One of the great benefits of writing reviews and attending film festivals is the exposure to new, emerging talent before any hype starts. Of course, it can go both ways, and I’ve ended up stuck watching excruciating crap more than once, but it’s worth the effort (and occasional painful slog) when you find something truly special. Making up for a less-than-stellar lineup last year, this year’s AFI Fest was overloaded with notable foreign films, and I’m still behind on reviews 2 weeks later thanks to all the amazing films I couldn’t pass up. Below are two of the better foreign films at the festival this year, both from new, strong voices (1st or 2nd feature-film directors).
Bullhead (Rundskop – Belgium)
Easily my favorite film this year from a new director, Bullhead might be a hard one to get friends interested in. The story of a Belgian cattle farmer who uses hormones on both his animals and himself (and loosely based on real “hormone mafias” in Belgium in the 90s), Bullhead may sound like a lame historical procedural, so I’m forgoing the full synopsis because there’s a reason why Belgium decided to submit this slow-burning crime drama for the Foreign Language Academy Award: it’s extraordinary. First and most notably is Matthias Schoenaerts’ astounding performance as the lead, a character whose complex history causes ambivalence, shifting from judgment to empathy to terror. It’s the most compelling performance I’ve seen all year, both thanks to Schoenaerts’s dedication (his physical training alone was intense – compare pictures of him now and a year earlier, and he’s not recognizable) and first-time writer/director Michaël R. Roskam’s brilliant script. Other than some slight comic relief that feels off-key with the rest of the film, the story is well-written and developed, twisty without being overly manipulated. And Roskam’s sure-handed direction makes him feel like an old pro, especially in his collaboration with cinematographer Nicolas Karakatsanis. Lacking the shaky camerawork we’ve grown so accustomed to with new filmmakers, this is a steady film, with smooth tracking and long shots ensuring a tense, engrossing film. It also happens to be one of the more striking films this year, with the lighting being especially notable. There are so many shots in this film that could have been used on a poster, it’s almost impossible to choose a favorite (almost – there’s a red tinted close-up in a bathroom that floored me). This stunning debut is definitely one of the best films of 2011, and based on awards at both Fantastic Fest & AFI Fest and the buzz its few festival screenings have received, Bullhead shouldn’t be forgotten come awards season. See this in a theater.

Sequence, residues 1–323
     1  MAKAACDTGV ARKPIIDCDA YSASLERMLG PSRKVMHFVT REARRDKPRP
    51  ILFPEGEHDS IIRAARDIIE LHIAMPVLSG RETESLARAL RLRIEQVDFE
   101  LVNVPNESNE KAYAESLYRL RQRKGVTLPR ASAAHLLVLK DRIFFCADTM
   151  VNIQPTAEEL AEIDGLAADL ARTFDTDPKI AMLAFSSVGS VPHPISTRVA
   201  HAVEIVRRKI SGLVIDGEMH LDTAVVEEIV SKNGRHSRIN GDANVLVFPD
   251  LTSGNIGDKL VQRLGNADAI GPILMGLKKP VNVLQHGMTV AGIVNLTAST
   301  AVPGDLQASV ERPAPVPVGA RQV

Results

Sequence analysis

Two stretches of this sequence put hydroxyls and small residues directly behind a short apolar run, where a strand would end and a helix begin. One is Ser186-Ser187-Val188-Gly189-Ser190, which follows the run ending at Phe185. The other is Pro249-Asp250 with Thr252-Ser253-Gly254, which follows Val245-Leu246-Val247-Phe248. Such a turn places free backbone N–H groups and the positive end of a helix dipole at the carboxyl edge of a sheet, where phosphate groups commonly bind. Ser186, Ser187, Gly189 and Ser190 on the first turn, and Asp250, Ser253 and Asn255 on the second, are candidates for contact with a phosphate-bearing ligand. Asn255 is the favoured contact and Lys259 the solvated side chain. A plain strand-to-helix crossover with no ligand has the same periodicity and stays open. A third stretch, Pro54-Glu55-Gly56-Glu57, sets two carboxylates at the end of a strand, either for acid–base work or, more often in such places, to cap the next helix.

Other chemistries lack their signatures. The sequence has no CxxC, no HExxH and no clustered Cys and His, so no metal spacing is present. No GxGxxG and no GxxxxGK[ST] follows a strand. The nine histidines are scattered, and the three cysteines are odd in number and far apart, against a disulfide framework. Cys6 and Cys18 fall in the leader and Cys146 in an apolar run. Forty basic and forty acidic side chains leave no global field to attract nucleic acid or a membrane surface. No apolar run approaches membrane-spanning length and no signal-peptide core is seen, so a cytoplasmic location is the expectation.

Oslo, August 31st (Norway)
Like a Norwegian, masculine Rachel Getting Married, but with more existential angst, Oslo, August 31st is about Anders (performed by Anders Danielsen Lie), a recovering drug addict who is allowed a leave from rehab. Consisting of a 24-hour period, Oslo, August 31st follows Anders as he travels around the city, visiting old friends, interviewing for a job, and just trying to figure out what he’s going to do next. Based on the short novel Le Feu Follet (don’t look it up if you’ve never heard of it, as the description may spoil the film), director Joachim Trier (whose first film, Reprise, is apparently a recent favorite due to the audience’s reaction to its mere mention) has crafted a contemporary film that stands on its own on multiple levels. While Borchgrevink’s effortless performance as the lead maintains emphasis on the story at hand, Trier’s direction of the film is almost simple and charming, creating a quasi love letter to the city of Oslo, despite the film’s complex subject matter and homage towards the original novel. Impressive sound design and locally flavored cinematography also deserve special mention, working together well to establish mood and setting. Oslo, August 31st was originally expected by many to be Belgium’s Foreign Language entry this, and the committee’s choice to submit Happy, Happy instead actually caused a bit of controversy. If Oslo, August 31st shows up in your local arthouse, it’s definitely worth checking out, and should play just as well at home if streaming/Netflix are your only sources for foreign films.